District balances budget without layoffs

Sunday Times Newspapers

RIVERVIEW – With the deadline looming at the end of the month, the Riverview Community School District set its 2010-11 budget Tuesday night.

Officials were able to decrease expenditures appropriated by $721,000 – from $24.9 million in 2009-10 to $24.18 million for the upcoming fiscal year, which begins July 1. About $258,000 of that came from expenses for basic programs, which still stands at about $12.86 million in appropriated funds.

“We’ve deferred some high school and middle school computer purchases. That saved $50,000,” said Rick Muszynski, the district’s director of business and finance. “Retirements were a big help. They contributed $900,000 in reduced costs.”

However, revenue and transactions also are down $579,000, from $23.36 million to $22.78 million. Although local and federal revenue is down a combined $853,000, state revenue increased nearly $224,000. Other incoming revenue and transactions are up about $50,000.

“We’re losing some grant funding,” Muszynski said of one-time American Recovery and Reinvestment Act grants. “Our expenses related to those grants go away.”

The district took other measures to cut costs, including combining the middle school’s seventh- and eighth-grade teams into one team for all sports and eliminating ninth-grade teams completely.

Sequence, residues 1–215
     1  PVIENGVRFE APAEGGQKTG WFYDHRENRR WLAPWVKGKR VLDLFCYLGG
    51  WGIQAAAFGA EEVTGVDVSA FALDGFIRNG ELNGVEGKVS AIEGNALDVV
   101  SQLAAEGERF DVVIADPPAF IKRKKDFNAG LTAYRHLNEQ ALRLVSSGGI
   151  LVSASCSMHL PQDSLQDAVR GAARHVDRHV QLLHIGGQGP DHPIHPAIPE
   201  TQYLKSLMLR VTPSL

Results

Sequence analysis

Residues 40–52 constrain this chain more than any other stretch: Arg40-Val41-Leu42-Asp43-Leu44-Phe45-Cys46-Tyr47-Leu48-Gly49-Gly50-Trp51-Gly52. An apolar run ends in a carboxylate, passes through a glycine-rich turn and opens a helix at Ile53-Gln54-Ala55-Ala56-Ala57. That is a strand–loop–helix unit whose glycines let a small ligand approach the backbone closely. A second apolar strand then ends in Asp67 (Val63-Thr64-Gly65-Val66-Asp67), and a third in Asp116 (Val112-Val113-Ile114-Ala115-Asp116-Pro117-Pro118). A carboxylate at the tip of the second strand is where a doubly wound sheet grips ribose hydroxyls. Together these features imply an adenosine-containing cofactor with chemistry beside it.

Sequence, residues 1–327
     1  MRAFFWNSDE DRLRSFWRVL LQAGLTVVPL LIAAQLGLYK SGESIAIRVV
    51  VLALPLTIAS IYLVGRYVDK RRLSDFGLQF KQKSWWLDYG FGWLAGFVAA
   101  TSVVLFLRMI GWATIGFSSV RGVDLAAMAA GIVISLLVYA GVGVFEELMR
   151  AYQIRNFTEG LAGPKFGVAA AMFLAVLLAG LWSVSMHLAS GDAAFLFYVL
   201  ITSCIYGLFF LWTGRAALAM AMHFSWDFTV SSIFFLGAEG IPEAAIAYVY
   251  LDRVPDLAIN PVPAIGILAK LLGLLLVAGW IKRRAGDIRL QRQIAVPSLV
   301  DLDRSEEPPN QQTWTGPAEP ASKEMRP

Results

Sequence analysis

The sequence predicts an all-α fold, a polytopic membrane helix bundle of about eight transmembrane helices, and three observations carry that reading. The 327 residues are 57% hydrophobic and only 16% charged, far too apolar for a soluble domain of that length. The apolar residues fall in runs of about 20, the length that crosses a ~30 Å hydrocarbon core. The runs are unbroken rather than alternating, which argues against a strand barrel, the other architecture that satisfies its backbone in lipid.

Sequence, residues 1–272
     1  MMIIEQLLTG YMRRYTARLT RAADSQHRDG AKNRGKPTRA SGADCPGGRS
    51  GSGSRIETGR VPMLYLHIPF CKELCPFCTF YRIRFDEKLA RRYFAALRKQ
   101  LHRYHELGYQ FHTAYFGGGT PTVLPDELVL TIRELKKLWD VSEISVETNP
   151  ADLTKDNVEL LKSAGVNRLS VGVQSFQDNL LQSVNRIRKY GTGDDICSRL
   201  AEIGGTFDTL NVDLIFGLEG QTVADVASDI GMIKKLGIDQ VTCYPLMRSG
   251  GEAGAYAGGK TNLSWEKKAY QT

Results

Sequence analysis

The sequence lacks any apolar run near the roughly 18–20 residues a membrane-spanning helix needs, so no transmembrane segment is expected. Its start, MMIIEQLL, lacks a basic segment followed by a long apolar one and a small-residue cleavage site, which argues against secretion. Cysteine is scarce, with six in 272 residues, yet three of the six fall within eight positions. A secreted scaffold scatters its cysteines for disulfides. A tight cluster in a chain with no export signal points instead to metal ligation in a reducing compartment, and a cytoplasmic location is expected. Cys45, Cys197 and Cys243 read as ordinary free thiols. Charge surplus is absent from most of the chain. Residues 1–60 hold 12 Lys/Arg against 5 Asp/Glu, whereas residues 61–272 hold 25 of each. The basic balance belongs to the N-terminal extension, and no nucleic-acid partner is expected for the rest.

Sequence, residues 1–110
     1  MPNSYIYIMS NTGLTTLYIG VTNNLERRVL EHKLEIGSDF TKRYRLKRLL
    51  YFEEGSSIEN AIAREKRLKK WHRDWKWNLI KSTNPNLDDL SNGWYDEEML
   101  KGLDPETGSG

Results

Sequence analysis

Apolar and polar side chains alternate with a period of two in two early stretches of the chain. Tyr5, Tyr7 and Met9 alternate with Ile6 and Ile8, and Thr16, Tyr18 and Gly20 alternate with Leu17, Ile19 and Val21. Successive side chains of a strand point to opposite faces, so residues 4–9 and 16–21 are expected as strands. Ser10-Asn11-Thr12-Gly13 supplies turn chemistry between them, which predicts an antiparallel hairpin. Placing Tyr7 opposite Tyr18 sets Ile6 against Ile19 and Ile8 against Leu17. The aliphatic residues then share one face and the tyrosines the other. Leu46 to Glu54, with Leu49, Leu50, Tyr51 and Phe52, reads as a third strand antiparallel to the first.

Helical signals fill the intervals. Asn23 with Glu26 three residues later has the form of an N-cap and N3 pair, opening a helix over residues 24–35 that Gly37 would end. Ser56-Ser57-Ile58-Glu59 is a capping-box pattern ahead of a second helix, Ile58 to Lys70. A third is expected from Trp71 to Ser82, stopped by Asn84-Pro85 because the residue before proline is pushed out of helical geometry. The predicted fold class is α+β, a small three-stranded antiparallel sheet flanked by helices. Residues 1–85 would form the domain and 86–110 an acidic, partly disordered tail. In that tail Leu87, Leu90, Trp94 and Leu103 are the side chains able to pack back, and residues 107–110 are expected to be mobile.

“We also implemented pay to participate,” Muszynski said, noting that specific fees still are undetermined, but that participation fees and program cuts will save $75,000.

He also said $385,000 in staff expenses would be saved by increasing class sizes to align similarly with those in other districts, and hopes a solid showing through Schools of Choice enrollment will also add to revenue.

“We have an excellent Schools of Choice program here,” Muszynski said.

The district was able to balance the budget without making any layoffs, he said, adding, “The retirements really helped.”

The $1.4 million red-ink difference between the district’s total revenue and expenses was taken out of the district surplus, dropping it to $1.4 million. Additionally, the percentage of the surplus set aside for expenditures decreased from 11.22 percent to 5.78 percent.

A similar $1.4 million deficit next year would clean out the surplus, likely resulting in layoffs and additional program cuts districts across the state are already experiencing.

“If school funding remains the same, we’re going to have to start making deeper cuts,” Muszynski said.

With health care costs increasing and state funding decreasing or sitting idle, Muszynski said the earliest any changes would take place is February 2011, when district administrators begin working on the 2011-12 budget.

(Contact Chris Jackett at cjackett@bewickpublications.com)